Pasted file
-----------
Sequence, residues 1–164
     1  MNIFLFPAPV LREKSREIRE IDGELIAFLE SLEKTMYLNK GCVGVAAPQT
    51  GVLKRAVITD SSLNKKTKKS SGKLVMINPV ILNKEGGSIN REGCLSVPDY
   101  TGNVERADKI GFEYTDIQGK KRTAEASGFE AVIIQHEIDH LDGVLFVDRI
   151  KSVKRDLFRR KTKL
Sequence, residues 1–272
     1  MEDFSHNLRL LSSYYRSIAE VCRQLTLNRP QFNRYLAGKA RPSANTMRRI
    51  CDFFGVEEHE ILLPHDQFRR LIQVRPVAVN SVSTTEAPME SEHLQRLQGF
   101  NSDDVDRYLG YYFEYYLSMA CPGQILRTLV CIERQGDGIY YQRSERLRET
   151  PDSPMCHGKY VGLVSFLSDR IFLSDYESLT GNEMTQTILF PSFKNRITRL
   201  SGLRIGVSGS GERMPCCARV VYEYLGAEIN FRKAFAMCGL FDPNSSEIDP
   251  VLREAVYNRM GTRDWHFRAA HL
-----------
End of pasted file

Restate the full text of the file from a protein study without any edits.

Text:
Sequence, residues 1–164
     1  MNIFLFPAPV LREKSREIRE IDGELIAFLE SLEKTMYLNK GCVGVAAPQT
    51  GVLKRAVITD SSLNKKTKKS SGKLVMINPV ILNKEGGSIN REGCLSVPDY
   101  TGNVERADKI GFEYTDIQGK KRTAEASGFE AVIIQHEIDH LDGVLFVDRI
   151  KSVKRDLFRR KTKL
Sequence, residues 1–272
     1  MEDFSHNLRL LSSYYRSIAE VCRQLTLNRP QFNRYLAGKA RPSANTMRRI
    51  CDFFGVEEHE ILLPHDQFRR LIQVRPVAVN SVSTTEAPME SEHLQRLQGF
   101  NSDDVDRYLG YYFEYYLSMA CPGQILRTLV CIERQGDGIY YQRSERLRET
   151  PDSPMCHGKY VGLVSFLSDR IFLSDYESLT GNEMTQTILF PSFKNRITRL
   201  SGLRIGVSGS GERMPCCARV VYEYLGAEIN FRKAFAMCGL FDPNSSEIDP
   251  VLREAVYNRM GTRDWHFRAA HL